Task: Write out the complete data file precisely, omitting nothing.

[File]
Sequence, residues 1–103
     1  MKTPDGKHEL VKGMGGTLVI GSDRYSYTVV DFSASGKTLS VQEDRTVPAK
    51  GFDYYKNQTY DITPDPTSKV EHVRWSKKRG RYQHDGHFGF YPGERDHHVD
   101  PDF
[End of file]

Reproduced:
Sequence, residues 1–103
     1  MKTPDGKHEL VKGMGGTLVI GSDRYSYTVV DFSASGKTLS VQEDRTVPAK
    51  GFDYYKNQTY DITPDPTSKV EHVRWSKKRG RYQHDGHFGF YPGERDHHVD
   101  PDF